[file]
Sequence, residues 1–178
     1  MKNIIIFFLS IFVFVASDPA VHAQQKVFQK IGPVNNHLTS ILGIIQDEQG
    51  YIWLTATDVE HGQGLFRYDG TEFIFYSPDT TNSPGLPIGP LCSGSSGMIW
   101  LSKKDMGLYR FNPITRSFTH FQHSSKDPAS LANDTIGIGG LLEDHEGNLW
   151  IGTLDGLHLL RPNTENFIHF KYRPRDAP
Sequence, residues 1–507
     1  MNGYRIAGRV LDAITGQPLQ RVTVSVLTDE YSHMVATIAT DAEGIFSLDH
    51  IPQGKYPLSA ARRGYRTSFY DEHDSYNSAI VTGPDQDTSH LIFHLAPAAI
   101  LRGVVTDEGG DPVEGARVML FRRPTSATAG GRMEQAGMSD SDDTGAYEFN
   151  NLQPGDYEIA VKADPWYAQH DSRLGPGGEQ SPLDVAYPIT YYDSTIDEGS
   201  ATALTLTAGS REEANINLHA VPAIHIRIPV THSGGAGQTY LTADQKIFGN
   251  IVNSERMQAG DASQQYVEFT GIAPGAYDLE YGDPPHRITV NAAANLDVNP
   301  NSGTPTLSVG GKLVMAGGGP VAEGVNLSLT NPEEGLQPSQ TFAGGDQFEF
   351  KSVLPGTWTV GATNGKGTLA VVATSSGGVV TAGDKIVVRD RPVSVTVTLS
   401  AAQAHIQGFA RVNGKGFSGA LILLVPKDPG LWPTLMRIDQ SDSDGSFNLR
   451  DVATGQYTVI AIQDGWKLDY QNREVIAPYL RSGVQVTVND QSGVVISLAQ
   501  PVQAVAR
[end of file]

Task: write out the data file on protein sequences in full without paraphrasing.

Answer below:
Sequence, residues 1–178
     1  MKNIIIFFLS IFVFVASDPA VHAQQKVFQK IGPVNNHLTS ILGIIQDEQG
    51  YIWLTATDVE HGQGLFRYDG TEFIFYSPDT TNSPGLPIGP LCSGSSGMIW
   101  LSKKDMGLYR FNPITRSFTH FQHSSKDPAS LANDTIGIGG LLEDHEGNLW
   151  IGTLDGLHLL RPNTENFIHF KYRPRDAP
Sequence, residues 1–507
     1  MNGYRIAGRV LDAITGQPLQ RVTVSVLTDE YSHMVATIAT DAEGIFSLDH
    51  IPQGKYPLSA ARRGYRTSFY DEHDSYNSAI VTGPDQDTSH LIFHLAPAAI
   101  LRGVVTDEGG DPVEGARVML FRRPTSATAG GRMEQAGMSD SDDTGAYEFN
   151  NLQPGDYEIA VKADPWYAQH DSRLGPGGEQ SPLDVAYPIT YYDSTIDEGS
   201  ATALTLTAGS REEANINLHA VPAIHIRIPV THSGGAGQTY LTADQKIFGN
   251  IVNSERMQAG DASQQYVEFT GIAPGAYDLE YGDPPHRITV NAAANLDVNP
   301  NSGTPTLSVG GKLVMAGGGP VAEGVNLSLT NPEEGLQPSQ TFAGGDQFEF
   351  KSVLPGTWTV GATNGKGTLA VVATSSGGVV TAGDKIVVRD RPVSVTVTLS
   401  AAQAHIQGFA RVNGKGFSGA LILLVPKDPG LWPTLMRIDQ SDSDGSFNLR
   451  DVATGQYTVI AIQDGWKLDY QNREVIAPYL RSGVQVTVND QSGVVISLAQ
   501  PVQAVAR